All right, class, listen up. If you expect to be the next generation of hypocrites, you need to give me your full attention. The old Pharisees will be passing off the scene before long, and we’ll need a new class of the double-minded–you know, the play-actors–ready to step up and fill their ranks.
Tongue firmly planted in cheek now, everyone? All right. Let us proceed….
It’s not easy being a hypocrite. You’re always working on two levels, keeping things to yourself while presenting another image to the world. And that’s hard. It takes a pretty smart person to pull this off. Shallow lazy people can be a lot of things, but not a successful Pharisee.
Scripture says “a double-minded person is unstable in all his ways; he should not expect to receive anything from the Lord.” That’s James 1:7-8. We cite it here for two reasons. First, to say how tough our calling is, and second, to remind ourselves that being hypocrites we’re not expecting to receive anything from the Lord for our prayers. That’s not the point.
“Restore to me the joy of Thy salvation” –Psalm 51:12.
Just because salvation is for eternity, anchored forever in the faithfulness of God, does not mean you cannot lose the closeness and fellowship with our wonderful Lord. A married couple can lose their joy and intimacy for a season, although the marriage is still valid and intact.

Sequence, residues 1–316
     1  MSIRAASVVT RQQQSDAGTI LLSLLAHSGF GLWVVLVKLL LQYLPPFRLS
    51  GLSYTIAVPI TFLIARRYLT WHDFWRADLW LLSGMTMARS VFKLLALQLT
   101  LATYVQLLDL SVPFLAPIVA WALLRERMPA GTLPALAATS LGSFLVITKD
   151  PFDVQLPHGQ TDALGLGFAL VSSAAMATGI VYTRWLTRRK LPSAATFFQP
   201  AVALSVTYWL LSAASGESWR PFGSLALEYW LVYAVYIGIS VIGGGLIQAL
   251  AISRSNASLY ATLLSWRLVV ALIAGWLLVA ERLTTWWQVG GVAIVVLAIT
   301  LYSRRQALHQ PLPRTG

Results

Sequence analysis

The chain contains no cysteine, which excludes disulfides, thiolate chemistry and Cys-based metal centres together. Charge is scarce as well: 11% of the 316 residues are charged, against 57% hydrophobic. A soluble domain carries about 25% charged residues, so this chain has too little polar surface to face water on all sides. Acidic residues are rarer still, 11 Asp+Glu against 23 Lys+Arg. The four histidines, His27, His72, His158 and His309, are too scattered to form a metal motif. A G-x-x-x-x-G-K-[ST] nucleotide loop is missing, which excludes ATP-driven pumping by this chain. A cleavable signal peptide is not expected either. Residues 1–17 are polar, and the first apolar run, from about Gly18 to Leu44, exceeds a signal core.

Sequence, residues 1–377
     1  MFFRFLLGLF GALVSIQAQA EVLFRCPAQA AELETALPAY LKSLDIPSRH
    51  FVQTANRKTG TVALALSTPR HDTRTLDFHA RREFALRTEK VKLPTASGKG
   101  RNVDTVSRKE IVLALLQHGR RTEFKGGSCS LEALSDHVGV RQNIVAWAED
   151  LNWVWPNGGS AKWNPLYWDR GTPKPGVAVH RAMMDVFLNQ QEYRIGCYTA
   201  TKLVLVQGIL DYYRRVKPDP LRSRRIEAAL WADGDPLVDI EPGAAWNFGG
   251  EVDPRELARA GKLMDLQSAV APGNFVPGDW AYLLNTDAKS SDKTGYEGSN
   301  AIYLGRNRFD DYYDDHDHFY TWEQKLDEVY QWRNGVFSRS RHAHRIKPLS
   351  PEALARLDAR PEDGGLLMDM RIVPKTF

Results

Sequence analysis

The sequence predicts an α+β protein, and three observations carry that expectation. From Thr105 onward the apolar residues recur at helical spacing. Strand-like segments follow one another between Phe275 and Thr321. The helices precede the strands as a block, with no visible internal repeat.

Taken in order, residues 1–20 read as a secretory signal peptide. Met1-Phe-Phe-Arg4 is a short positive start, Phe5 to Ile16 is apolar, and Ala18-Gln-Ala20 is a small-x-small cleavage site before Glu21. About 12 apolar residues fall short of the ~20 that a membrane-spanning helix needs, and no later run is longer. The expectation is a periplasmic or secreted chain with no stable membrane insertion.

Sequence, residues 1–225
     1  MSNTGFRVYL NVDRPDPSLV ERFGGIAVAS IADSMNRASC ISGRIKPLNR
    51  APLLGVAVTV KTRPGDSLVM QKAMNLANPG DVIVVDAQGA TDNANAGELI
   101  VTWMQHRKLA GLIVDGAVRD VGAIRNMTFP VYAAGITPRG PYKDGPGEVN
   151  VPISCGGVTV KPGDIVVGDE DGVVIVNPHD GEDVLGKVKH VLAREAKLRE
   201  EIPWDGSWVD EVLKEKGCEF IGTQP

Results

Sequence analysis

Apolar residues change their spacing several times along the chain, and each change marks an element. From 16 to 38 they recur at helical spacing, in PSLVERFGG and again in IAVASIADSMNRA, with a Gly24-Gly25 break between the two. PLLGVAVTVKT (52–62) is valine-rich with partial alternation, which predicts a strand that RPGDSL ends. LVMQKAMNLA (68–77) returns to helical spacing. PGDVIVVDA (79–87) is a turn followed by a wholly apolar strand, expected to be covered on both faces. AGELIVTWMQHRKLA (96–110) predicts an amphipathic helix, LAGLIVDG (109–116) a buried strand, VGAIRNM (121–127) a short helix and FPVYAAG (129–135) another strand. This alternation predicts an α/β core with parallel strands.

God’s faithfulness does not wax hot and cold depending on what we do or how we felt when we woke up this morning. He does not undo our salvation when we weaken and falter. The blessings upon us are conditional to our faithfulness and may dry up, but the relationship never varies. Forever, we are His and He is ours.
My children may be in or out of my favor at given times, but they are still mine.
By “pet peeve,” we mean only a minor disagreement. An annoyance. We find certain things irritating, but they are not deal-breakers. No federal case, no mountains from a molehill. Okay to disagree. A personal thing is all.
One. The pastor rises to begin his sermon, and says to the congregation, “Will you stand in honor of the Word of God?”
It sounds noble. It is meant to inspire honor for Holy Scripture.
My question is: So, preacher, do you have them jump up every time you quote a verse of Scripture? Then, why do it at the first? And if you say this practice is scriptural, which it is (Nehemiah 8:5), then why don’t you have them stand up throughout the entire sermon? The Bible says Jesus sat down to preach (Luke 4:20). And somewhere it says the people stood up while he preached.
What it feels like–to me at least–is the preacher is trying to come across as holier than those who do not ask people to stand for the reading of the Word. He saw some other preacher do it and thought it was a good idea. I’m not saying it’s a bad thing, only that it’s unnecessary and may be motivated by less-than-noble motives. But it’s not a deal-breaker. Do it if you feel strongly about it. (Ask them to stand every time you quote a verse, however, and this will go south quickly! Smile, please.)